Detection and quantification of malonyl CoA levels was adapted from a previously described methods using LC-MS/MS.28,29 For acylcarnitines species, frozen ventricular tissue from non-perfused hearts were powdered and homogenized in deionized water.30 Acylcarnitines were quantified using commercially available labeled standards and normalized to protein concentration. For global metabolite profiling, ventricular tissue was extracted in 2:1 chloroform:methanol and analyzed by GC × GC-TOFMS.31 The previously developed F-ratio method was used to analyze all samples at each mass channel. Detection of additional metabolic features was made via Peak Table analysis (LECO ChromaTOF software version 3.2, LECO Corp., St. Joseph, MI, USA). Peak areas of target analytes were measured by PARAFAC analysis.32 (See Online Supplement for additional details).
All data are presented as mean ± SEM. Student’s t-test was used for two group comparisons. One-way ANOVA was performed for multiple-group comparisons at single-time point. Two-way ANOVA was used for multiple group comparisons with 2 factors (i.e., substrate utilization). ANOVA with repeated measures was used for multiple group comparisons over multiple time points. Bonferroni post hoc analysis was used for all ANOVAs. Analyses were performed with GraphPad Prism 5.0 (GraphPad Software, San Diego, CA). All results were tested at the P < 0.05 level of significance.
ACC2 flox/flox (ACC2f/f) mice were generated as previously described,20 and cardiac-specific deletion of ACC2 (ACC2H−/−) was achieved by cross-breeding ACC2f/f with αMHC-Cre mice. No differences were found in serum levels of glucose, insulin, free FA, and triglycerides across all genotypes (Online Table I). Furthermore, ACC2H−/− had no significant differences in heart weight (HW) or HW relative to body weight (BW) or tibial length (TL) (Online Table II), suggesting a possible systemic and/or strain effect in the previously observed smaller heart size in ACC2-null mice.16,20 Western blotting confirmed the cardiac-specific deletion of ACC2 (Figure 1A, 1B). Since physical characteristics and cardiac protein levels of ACC2 in both ACC2f/WT and ACC2f/f were similar to wild type C57BL6 mice, ACC2f/f mice were used as controls (CON). Because the ACC1 isoform is present in the heart at low levels (~10%) and is difficult to detect via Western blotting,33 we measured changes in gene expression to confirm a negligible effect of ACC2 deletion on ACC1 (Figure 1C). Deletion of ACC2 resulted in a significant decrease (~50%) in cardiac malonyl CoA levels (Figure 1D).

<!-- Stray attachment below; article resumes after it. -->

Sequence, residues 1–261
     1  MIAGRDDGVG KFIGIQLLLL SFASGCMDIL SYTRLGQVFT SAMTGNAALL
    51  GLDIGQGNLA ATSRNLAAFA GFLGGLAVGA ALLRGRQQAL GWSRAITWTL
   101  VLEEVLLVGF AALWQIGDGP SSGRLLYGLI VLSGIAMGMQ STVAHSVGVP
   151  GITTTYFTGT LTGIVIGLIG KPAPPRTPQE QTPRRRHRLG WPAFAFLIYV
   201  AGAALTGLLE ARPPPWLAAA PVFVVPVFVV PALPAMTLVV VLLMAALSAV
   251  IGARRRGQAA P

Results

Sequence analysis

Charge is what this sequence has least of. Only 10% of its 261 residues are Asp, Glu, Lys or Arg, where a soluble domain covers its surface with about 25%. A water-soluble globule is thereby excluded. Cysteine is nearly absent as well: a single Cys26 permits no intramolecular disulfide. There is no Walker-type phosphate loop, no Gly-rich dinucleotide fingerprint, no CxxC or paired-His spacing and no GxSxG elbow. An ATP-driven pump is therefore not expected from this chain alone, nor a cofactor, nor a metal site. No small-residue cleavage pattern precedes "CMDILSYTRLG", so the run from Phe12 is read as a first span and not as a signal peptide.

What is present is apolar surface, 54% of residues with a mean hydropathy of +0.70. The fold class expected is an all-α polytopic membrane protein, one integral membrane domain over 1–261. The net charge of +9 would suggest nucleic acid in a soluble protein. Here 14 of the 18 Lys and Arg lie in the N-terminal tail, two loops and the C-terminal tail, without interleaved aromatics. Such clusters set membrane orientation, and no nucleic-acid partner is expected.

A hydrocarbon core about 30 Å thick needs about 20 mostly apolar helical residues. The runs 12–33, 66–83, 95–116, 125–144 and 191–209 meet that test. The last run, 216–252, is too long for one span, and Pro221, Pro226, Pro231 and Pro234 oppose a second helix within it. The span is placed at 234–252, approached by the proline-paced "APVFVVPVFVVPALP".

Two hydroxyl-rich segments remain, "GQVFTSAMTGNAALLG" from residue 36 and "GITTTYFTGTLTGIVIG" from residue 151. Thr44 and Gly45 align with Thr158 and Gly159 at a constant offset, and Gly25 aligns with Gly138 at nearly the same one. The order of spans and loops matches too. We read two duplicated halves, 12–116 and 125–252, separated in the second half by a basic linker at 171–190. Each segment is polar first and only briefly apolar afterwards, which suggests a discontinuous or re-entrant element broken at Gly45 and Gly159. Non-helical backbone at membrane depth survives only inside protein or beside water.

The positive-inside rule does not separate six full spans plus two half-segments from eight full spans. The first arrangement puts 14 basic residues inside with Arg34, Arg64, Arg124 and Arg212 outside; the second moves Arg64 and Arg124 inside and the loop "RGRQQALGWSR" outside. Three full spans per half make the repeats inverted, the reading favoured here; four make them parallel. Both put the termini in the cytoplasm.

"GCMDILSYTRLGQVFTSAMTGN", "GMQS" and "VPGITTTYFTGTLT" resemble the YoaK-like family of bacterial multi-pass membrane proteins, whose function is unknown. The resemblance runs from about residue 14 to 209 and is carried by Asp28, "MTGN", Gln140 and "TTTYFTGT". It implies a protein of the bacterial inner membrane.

In isolated Langendorff-perfused heart experiments, ACC2H−/− demonstrated an ~60% increase in FAO as compared to CON at 8–10 weeks of age (P< 0.05); Figure 2A), that was concomitant with a reciprocal reduction in the contribution of glucose oxidation ( P<0.05); Figure 2A). Despite enhanced FAO, cardiac triglycerides and glycogen levels remained unchanged in ACC2H−/− (Figure 2B, 2C). A recent report suggested that increased FAO is associated with mitochondrial overload of acylcarnitines and decreased TCA cycle intermediates that contribute to the development of insulin resistance in skeletal muscle of mice fed a high fat diet.30 Thus, we assessed acylcarnitine species in non-perfused heart extracts from CON and ACC2H−/−. No significant differences were noted in the concentrations of short-chain (C3, C4, C5), medium chain (C8), or long-chain (C14, C16) acylcarnitine species (Figure 2D). In addition, expression of genes involved in glucose metabolism, FA metabolism, and mitochondrial biogenesis were not significantly different in ACC2H−/− as compared to CON (Figure 2E). Overall these results suggest that cardiac-specific deletion of ACC2 increases cardiac FAO without overwhelming changes of substrate metabolism.
Since the 60% increase of FAO in ACC2H−/− renders a substrate oxidation profile similar to a diabetic heart,12 we determined whether chronic elevation of mitochondrial FAO led to detrimental consequences during normal aging. First, we verified that 12 month old ACC2H−/− mice maintained elevated FAO and had a similar substrate utilization profile as 2 months of age (Figure 3A). Next we performed serial echocardiography to evaluate cardiac function and morphology in ACC2H−/− and CON up to 12 months of age. Fractional shortening and heart rate were similar in CON and ACC2H−/− at 2, 6 and 12 months of age (Figures 3B, 3E). Likewise, increased FAO via ACC2 deletion did not affect gross cardiac morphology as both wall thickness and internal chamber dimensions were comparable in CON and ACC2H−/− up to 12 months of age (Figures 3C, 3D). Thus, chronic elevation of cardiac FAO is not harmful to overall cardiac performance.
To determine efficiency of ACC2H−/− hearts, we simultaneously measured myocardial oxygen consumption (MVO2) and contractile function in isolated Langendorff-perfused hearts (Figure 4A, 4B). MVO2 and contractile performance were similar in CON and ACC2H−/− when hearts were perfused with a buffer consisting of glucose and pyruvate as the substrates (Figure 4A). When the perfusate was switched to a buffer consisting of glucose, FA, and lactate, both MVO2 and contractile function, assessed by rate pressure product (RPP), increased slightly in ACC2H−/− although this was not statistically significant. The oxygen efficiency, estimated by MVO2/RPP, was not different between the groups (Figure 4B).